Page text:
Mike Papantonio: It actually says not app, approved for human use, right?
Robert Price: Right. The stuff that you get from the factory actually comes with a warning that says, do not use this in the human body.
Mike Papantonio: But they used it anyway.
Robert Price: They used it anyway, and what we’re also discovering, Mike, is that they are coming up with different essentially shell companies to run this stuff through. So people don’t know any better. That’s another thing we’re discovering.
Mike Papantonio: Well, what do you mean by that? They’re, they’re, they’re setting up shell companies. They’re moving from the manufacturer of the, of the material, moving through a shell company, and then moving to the people who create the mesh product.
Robert Price: Right. Right.
Mike Papantonio: To try to wash the information.
Robert Price: Absolutely. Absolutely.
Mike Papantonio: Okay. So as this goes far, as this goes forward, we’re talking about a hernia mesh. What kind of injury does it cause? What, what should be people, what should people be aware of?
Robert Price: So, so a lot of these products have these gimmicky coatings and things like that on them. And what we’re seeing is the coating breaks down too soon. It doesn’t work correctly. And these meshes actually, they, they adhere to people’s organs. They’ll blow out too soon. They’ll fail, catastrophic injuries like bowel punctures, internal bleeding, you said, organ perforations.
Mike Papantonio: Does the material, does the material migrate through their system after it blows out?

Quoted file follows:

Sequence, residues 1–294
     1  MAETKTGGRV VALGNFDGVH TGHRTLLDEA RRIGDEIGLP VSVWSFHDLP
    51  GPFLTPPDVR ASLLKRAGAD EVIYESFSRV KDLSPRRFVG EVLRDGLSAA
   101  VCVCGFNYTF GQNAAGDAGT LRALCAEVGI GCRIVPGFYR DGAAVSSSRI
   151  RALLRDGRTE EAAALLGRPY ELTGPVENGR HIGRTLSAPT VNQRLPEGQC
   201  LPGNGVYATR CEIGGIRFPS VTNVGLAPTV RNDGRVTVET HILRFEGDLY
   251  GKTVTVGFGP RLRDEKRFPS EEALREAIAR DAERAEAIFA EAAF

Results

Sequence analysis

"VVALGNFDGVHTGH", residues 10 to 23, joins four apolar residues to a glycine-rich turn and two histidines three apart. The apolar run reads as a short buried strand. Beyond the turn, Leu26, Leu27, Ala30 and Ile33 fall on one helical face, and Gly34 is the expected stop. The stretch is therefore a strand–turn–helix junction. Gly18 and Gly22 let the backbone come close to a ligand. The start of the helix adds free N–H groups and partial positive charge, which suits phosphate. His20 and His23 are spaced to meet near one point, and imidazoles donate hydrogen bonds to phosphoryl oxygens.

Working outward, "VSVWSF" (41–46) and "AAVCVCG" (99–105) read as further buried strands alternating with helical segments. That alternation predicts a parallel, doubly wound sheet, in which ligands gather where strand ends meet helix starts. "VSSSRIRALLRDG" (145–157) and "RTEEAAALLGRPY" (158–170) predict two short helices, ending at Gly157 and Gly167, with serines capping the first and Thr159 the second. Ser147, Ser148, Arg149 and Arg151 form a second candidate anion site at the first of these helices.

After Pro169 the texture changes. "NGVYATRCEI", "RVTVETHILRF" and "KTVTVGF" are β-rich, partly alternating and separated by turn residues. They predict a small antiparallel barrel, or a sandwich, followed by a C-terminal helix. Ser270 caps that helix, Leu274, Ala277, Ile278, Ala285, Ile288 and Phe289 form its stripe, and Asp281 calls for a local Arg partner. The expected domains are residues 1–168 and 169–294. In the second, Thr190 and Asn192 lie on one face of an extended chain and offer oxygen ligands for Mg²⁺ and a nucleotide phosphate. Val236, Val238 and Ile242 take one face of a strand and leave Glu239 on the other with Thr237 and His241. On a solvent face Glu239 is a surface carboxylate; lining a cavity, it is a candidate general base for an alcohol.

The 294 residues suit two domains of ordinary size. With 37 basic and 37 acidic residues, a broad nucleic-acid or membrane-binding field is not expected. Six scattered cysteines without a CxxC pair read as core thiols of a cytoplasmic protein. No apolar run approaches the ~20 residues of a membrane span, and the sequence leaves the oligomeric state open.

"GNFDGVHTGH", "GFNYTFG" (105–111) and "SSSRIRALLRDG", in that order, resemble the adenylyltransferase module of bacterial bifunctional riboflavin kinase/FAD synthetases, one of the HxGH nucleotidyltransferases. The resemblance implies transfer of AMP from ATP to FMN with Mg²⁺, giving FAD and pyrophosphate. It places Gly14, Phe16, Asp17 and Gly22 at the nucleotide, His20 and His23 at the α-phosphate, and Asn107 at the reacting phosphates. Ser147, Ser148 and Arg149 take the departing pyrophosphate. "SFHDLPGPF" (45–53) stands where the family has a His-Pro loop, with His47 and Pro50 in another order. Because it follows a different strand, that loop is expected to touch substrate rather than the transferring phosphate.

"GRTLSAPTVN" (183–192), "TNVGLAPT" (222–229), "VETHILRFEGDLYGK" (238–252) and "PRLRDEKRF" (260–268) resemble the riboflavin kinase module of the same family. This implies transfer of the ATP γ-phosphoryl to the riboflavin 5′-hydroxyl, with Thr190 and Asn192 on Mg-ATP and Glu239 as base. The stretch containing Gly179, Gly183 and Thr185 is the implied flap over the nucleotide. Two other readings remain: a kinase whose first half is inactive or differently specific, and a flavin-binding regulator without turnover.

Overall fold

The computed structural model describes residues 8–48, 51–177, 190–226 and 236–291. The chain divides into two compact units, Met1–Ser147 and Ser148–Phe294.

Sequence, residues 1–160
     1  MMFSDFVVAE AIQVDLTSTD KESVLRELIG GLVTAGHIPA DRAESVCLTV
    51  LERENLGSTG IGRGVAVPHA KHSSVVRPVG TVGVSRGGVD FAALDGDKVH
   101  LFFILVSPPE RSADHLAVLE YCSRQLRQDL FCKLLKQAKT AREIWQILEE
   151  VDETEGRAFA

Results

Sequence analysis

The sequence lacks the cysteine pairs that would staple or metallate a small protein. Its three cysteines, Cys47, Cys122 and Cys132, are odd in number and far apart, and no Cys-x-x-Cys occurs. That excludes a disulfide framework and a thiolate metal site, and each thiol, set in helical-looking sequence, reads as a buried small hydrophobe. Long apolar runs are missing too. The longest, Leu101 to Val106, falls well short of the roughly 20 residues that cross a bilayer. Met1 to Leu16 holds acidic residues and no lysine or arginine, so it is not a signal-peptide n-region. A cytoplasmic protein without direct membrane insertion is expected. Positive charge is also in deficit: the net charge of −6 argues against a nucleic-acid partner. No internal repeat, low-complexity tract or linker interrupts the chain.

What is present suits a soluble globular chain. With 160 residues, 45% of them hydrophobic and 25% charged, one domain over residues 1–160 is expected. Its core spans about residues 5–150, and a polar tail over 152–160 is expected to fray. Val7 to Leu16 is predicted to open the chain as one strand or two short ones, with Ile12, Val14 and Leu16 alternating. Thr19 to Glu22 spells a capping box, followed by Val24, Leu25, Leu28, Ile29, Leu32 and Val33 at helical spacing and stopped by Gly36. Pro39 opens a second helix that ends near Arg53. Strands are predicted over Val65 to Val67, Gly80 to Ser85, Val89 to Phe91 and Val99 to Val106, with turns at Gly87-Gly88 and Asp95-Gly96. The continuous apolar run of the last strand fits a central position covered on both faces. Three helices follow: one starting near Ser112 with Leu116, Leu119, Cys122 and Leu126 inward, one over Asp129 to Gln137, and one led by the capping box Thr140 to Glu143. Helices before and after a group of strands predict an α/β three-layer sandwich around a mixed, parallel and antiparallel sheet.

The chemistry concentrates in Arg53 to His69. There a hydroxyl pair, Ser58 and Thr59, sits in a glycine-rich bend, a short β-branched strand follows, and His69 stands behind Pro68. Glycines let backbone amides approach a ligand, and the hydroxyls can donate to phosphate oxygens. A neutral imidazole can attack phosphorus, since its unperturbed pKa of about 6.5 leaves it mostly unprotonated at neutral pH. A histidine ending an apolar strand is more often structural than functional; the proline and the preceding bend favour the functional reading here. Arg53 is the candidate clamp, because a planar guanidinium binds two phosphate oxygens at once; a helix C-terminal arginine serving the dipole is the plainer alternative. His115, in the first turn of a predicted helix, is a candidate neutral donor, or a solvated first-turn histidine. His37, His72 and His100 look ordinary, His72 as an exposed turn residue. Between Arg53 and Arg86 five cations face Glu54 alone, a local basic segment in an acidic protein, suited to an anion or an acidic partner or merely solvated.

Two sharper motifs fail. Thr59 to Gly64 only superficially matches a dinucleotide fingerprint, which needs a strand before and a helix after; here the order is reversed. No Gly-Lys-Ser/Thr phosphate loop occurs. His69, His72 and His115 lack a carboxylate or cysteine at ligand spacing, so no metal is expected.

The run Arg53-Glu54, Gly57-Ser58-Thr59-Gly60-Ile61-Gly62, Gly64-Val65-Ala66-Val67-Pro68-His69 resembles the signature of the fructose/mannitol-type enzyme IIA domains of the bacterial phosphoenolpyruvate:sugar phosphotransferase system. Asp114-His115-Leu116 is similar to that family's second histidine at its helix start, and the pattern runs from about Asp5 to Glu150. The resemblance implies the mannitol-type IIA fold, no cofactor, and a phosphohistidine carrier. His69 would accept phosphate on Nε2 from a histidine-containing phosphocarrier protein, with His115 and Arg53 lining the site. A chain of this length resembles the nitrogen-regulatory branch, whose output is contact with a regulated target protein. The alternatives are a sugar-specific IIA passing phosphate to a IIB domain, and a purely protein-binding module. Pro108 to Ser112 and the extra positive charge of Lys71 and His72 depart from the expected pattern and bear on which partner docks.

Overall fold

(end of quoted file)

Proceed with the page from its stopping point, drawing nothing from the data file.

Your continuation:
Robert Price: It can, it absolutely can. It can blow out. It can move over and then you can have some of this chemical leaching that goes on with this really low grade stuff, high inflammatory responses that cause gut problems and things like that as well.
Mike Papantonio: Well, Robert, one of the things that struck me is this is a procedure that’s not even necessary because a doctor that’s trained without mesh can create, he can fix a hernia without any of this garbage, right?
Robert Price: A lot of times.
Mike Papantonio: So industry came in and said, look, you need this because you’re a doctor who’s not a specialist in fixing hernias, but now you can increase your practice if you’ll use our material. Isn’t that kind of the scenario here?
Robert Price: That’s right. We call it, we call them the gimmick meshes, which is they go to a doctor and say, yeah, you know, we know this hernia is real small and it would take you 20, 30, 40 minutes to do this, but it’ll take you five minutes with this easy patch. They think that, you know, the doctors, a lot of times they think it’s FDA approved. They think it’s been studied when it really hasn’t. And a lot of times it’s unnecessary. Doctors don’t need to do it, but it happens because they sold them a bill of goods and it’s turned out the truth is, is unveiled many years later.
Mike Papantonio: Actually, when you look at the pelvic mesh cases, the juries jumped all over these, these companies and these are the same companies, aren’t they?
Robert Price: Right. Right.
Mike Papantonio: Robert, thank you for joining me. Okay.
Robert Price: Thanks, Mike.